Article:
Nineteen students have graduated from the Kufuor Scholars Program (KSP) after completing three years of leadership training. The occasion also saw the induction of 25 new scholars – the class of 2022 – who begin the 3-year long leadership training and mentoring program.
The graduation and induction ceremony in Accra was presided over by former President John Agyekum Kufuor. The United States Ambassador to Ghana Stephanie S. Sullivan was the Special Guest Speaker. Present were the parents, mentors and well-wishers of the scholars.
The Kufuor Scholars Program was initiated by the John A. Kufuor Foundation to prepare tertiary level students to become effective future leaders for the nation’s development by instilling in them the spirit of patriotism and leadership skills.
The 2019 class is the second graduating batch following an earlier graduation of the 2018 class last year. Introduced in 2015, four batches of scholars numbering almost 100 have been admitted so far into the program.
Noting the increasing interest in the program, Program Coordinator Dr. Pascal Brenya explained that this year more than 2,300 applications were received out of which only 25 could be admitted. He noted that 12 public and private universities and all the 16 regions in the country are duly represented in the program.
Addressing the scholars, former President Kufuor who is founder and chairman of the John A. Kufuor Foundation urged the scholars to strive always for excellence and to cultivate the habit of giving back. He told them he will continue to take keen interest in their personal development and will be monitoring their progress, assuring his doors will always be open to them. “You are now going to be my Ambassadors. You are going to represent me wherever you go henceforth. And I know you will not let me down… I am indeed blessed to have a group like you mirroring me! I am so proud of you all,” the former president said.
“Don’t go to just wish and hope for things to happen… The Ghana and Africa you want to see will not happen by chance. So go out there and decide to act and act in a manner that will make others miss you always,” President Kufuor added.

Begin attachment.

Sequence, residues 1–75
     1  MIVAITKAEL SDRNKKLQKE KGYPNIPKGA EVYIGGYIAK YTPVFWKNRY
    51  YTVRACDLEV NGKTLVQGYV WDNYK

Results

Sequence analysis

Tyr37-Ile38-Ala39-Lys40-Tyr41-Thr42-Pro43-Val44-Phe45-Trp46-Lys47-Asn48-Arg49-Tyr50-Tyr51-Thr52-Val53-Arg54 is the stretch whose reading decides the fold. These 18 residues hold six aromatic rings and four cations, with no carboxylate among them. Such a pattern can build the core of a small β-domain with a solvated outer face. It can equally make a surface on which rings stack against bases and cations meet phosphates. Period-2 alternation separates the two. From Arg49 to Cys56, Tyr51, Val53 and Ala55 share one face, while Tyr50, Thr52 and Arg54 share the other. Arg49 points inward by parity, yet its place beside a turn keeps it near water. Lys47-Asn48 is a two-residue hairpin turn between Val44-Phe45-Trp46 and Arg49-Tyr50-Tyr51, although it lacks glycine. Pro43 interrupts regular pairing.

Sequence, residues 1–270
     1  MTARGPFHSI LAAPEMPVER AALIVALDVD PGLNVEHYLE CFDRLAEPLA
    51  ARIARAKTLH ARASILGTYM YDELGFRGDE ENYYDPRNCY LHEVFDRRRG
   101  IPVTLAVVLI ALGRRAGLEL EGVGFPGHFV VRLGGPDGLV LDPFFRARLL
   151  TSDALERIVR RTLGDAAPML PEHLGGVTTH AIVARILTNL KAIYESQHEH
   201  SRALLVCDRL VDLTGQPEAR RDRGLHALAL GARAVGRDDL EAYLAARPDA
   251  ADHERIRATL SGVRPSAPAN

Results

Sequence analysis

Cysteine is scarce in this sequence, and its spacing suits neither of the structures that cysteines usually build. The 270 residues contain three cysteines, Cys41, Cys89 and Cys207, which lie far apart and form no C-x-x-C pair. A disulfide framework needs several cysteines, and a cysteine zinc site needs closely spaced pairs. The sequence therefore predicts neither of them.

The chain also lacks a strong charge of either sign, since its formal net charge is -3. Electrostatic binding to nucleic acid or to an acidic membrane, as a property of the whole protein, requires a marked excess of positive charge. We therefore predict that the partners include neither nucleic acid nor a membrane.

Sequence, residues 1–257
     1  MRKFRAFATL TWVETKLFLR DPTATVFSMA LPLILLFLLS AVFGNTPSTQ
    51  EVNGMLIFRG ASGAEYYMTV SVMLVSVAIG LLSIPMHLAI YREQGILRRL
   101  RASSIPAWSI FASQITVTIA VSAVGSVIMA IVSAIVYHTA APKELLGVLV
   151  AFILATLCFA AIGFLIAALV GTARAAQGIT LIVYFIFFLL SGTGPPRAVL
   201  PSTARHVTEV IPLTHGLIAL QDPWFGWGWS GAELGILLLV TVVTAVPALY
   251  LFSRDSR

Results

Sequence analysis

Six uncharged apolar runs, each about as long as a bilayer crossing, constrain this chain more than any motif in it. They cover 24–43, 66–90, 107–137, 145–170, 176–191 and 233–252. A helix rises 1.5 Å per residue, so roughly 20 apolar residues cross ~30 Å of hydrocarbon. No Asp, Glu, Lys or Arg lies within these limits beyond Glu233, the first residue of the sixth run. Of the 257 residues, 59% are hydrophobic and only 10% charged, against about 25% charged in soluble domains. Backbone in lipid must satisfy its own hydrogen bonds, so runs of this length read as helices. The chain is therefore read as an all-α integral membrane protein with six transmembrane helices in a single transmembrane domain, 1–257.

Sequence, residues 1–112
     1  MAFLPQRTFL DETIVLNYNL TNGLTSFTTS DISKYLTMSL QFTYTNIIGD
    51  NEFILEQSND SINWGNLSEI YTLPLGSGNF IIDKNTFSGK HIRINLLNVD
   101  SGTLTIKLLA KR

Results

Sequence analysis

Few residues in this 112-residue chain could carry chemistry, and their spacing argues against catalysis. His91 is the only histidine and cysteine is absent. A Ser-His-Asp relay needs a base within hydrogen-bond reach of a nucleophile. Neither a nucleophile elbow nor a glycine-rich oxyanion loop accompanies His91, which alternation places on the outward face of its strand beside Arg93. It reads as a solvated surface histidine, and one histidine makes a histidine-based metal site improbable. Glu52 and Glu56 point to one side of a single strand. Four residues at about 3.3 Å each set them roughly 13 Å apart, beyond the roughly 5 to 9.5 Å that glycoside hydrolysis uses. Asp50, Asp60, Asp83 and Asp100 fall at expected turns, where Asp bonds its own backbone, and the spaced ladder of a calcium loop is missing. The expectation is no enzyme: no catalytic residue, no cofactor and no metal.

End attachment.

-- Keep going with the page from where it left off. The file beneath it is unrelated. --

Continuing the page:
Ambassador Stephanie S. Sullivan who also spoke at the ceremony applauded the foundation “for transforming this vision (KSP) into action, guiding the youth towards effective leadership, good governance, and to assume civic roles as champions of socio-economic development.” She urged the scholars to take risks, try something new, and push beyond their comfort zone, saying “take every opportunity to learn and make the most of this program.”
Ambassador Sullivan commended the graduating scholars for their successes so far. She praised three of them – Felicity Yeboah Dokyi, Norbert Kwame Agbemenu, and Edem Kojo Doe – who founded the Menarche Initiative for successfully competing and winning $5,000 in seed funding in the USA last year. She expressed confidence that as a result of the training and experience, the scholars will be those future leaders who will transform Ghana and Africa. She admonished them not to think only of individual interests but the greater good of the country.
Chief Executive Officer of the John A. Kufuor Foundation Prof. Baffour Agyeman-Duah reaffirmed the foundation’s determination to prepare the country’s youth for future leadership. Noting leadership as the greatest deficit in Africa’s development, he called for transformation of society with leaders who are imbued with unparalleled integrity and a deep sense of patriotism.
Acknowledging that “today, it is the youth who are changing the world and running some of the world’s largest corporations and introducing technologies that are shaping our planet beyond our imagination,” Prof Agyeman-Duah urged the scholars to aim to bring Ghana into this global movement. “That’s why our commitment to the youth has remained unparalleled over the years,” he said. “We will continue to do more for young people because they have more energy and passion to make the world a better place than the older generation,” he concluded.